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Publication numberUS1858089 A
Publication typeGrant
Publication dateMay 10, 1932
Filing dateJun 3, 1931
Priority dateJun 3, 1931
Publication numberUS 1858089 A, US 1858089A, US-A-1858089, US1858089 A, US1858089A
InventorsHowey Claude D
Original AssigneeHowey Claude D
Export CitationBiBTeX, EndNote, RefMan
External Links: USPTO, USPTO Assignment, Espacenet
Stacker
US 1858089 A
Abstract  available in
Images(3)
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Claims  available in
Description  (OCR text may contain errors)

My 10, 1932. D, HOWEY 1,858,089

STAGKER Filed June 3. 1951 3 Sheets-Sheet l gmc/nto@ Y6/Jai Qa/eg) ttomaq c. D. Howlnl May l0, 1932.

STACKER Filed June 5, 1931 3 Sheets-Sheet 2 C. D. HOWEY May 10, 1932.

STACKER Filed June 3, 1931 3 Sheets-Sheet 3 Patented May 1.0, 1932 UNI'IED s infrlisv vPA'ria'.NT "ol-Fics CLAUDE nnownor NEWCASTLE, wrom/tino f srnckn'it Applicant@ mea .iune' 3,

The object of the invention is to provide a stacker of the portable variety, so that k1t may bef-transported from'p'l-ace to place and positioned to receive the material to be stacked direct from a bull rake; tol provide a machine of this character which, when set up, may be power driven by the engine of a motor vehicle or by any portable power plant; to provide a construction which may be readily collapsed into condensed form for easy transportatlon from point to point; and generally to provide a machinev or apparatus of this character which is of simple form and therefore susceptible of cheap manufacture and the easy replacement of worn or broken parts.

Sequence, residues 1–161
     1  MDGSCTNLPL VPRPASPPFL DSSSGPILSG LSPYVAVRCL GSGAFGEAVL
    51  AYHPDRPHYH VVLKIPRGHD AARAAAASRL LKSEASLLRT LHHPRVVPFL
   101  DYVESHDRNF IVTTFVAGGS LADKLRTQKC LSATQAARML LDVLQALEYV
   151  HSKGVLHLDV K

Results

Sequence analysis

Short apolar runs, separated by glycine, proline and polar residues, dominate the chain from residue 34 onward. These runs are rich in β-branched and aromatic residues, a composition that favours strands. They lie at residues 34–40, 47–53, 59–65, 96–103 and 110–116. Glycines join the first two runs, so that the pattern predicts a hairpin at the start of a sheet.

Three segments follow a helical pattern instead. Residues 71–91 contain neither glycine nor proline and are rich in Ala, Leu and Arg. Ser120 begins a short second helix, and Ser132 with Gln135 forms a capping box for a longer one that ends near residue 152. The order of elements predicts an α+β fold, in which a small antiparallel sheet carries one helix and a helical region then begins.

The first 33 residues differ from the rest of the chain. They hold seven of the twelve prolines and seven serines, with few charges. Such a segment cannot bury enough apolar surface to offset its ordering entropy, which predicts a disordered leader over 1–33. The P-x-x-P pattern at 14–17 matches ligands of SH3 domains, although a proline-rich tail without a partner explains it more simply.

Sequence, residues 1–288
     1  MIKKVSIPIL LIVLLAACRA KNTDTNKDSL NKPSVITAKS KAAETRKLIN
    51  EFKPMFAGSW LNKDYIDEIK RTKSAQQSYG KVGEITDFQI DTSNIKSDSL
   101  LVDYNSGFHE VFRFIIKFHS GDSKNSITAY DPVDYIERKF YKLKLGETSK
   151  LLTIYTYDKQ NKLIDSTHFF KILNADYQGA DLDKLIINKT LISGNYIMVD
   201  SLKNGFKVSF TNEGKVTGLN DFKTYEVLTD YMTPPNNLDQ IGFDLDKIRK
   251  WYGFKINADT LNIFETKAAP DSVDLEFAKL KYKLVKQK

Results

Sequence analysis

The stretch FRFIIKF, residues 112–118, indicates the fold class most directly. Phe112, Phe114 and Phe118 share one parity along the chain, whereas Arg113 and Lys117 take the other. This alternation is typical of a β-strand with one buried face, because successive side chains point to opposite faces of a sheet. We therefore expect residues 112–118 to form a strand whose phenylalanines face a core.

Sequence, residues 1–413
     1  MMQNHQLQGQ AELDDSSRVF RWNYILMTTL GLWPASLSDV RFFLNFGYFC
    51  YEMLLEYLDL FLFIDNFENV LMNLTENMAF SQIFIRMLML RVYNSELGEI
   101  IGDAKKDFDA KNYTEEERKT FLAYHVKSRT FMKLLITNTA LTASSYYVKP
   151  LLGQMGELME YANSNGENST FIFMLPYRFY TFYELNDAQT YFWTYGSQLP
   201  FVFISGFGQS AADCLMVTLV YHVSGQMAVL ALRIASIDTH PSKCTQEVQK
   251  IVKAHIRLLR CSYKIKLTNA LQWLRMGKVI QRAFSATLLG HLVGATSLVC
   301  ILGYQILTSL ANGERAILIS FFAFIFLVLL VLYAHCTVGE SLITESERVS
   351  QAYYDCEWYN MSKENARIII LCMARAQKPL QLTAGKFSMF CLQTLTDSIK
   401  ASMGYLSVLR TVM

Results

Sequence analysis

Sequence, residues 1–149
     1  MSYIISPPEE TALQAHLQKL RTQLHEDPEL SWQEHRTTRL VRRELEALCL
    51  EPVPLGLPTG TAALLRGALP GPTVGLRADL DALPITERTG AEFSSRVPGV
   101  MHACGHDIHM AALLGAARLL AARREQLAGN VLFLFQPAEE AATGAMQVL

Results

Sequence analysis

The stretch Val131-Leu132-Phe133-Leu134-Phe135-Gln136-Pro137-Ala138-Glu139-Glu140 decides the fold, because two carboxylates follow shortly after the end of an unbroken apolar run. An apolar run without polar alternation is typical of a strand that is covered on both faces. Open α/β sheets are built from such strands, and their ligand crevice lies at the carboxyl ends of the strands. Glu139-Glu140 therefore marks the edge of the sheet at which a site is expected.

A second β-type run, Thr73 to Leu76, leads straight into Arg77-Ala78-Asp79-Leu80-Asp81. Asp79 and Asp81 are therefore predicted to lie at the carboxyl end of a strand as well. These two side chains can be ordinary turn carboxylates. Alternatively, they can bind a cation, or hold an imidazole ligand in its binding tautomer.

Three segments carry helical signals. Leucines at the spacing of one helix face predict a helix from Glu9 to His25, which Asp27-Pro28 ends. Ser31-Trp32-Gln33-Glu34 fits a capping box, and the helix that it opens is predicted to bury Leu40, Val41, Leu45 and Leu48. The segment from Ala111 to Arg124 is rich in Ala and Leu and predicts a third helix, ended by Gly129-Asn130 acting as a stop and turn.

lVith this object in view, the invention consists in a construction and combination of parts of which a preferred embodiment 1s illustrated in the accompanying drawings, wherein:

Figure 1 is a side elevational view of the invention.

Figure 2 is a top plan view.

Figure .3 is a view similar to Figure 1 but showing the invention in collapsed position, as when it is to be transported.

Figure 4 is a detailed elevational View of the pivotal mounting of one of the tines.

Figure 5 is a detailed elevational view of one of the uprights.